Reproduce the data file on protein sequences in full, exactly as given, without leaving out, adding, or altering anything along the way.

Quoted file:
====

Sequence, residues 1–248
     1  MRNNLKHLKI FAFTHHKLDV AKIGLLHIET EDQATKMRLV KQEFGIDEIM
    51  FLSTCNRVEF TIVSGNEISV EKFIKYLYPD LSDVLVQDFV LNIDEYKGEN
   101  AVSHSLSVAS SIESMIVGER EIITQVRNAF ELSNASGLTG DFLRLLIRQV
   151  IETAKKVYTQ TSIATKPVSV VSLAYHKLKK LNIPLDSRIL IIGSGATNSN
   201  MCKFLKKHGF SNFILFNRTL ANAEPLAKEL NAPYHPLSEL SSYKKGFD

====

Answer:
Sequence, residues 1–248
     1  MRNNLKHLKI FAFTHHKLDV AKIGLLHIET EDQATKMRLV KQEFGIDEIM
    51  FLSTCNRVEF TIVSGNEISV EKFIKYLYPD LSDVLVQDFV LNIDEYKGEN
   101  AVSHSLSVAS SIESMIVGER EIITQVRNAF ELSNASGLTG DFLRLLIRQV
   151  IETAKKVYTQ TSIATKPVSV VSLAYHKLKK LNIPLDSRIL IIGSGATNSN
   201  MCKFLKKHGF SNFILFNRTL ANAEPLAKEL NAPYHPLSEL SSYKKGFD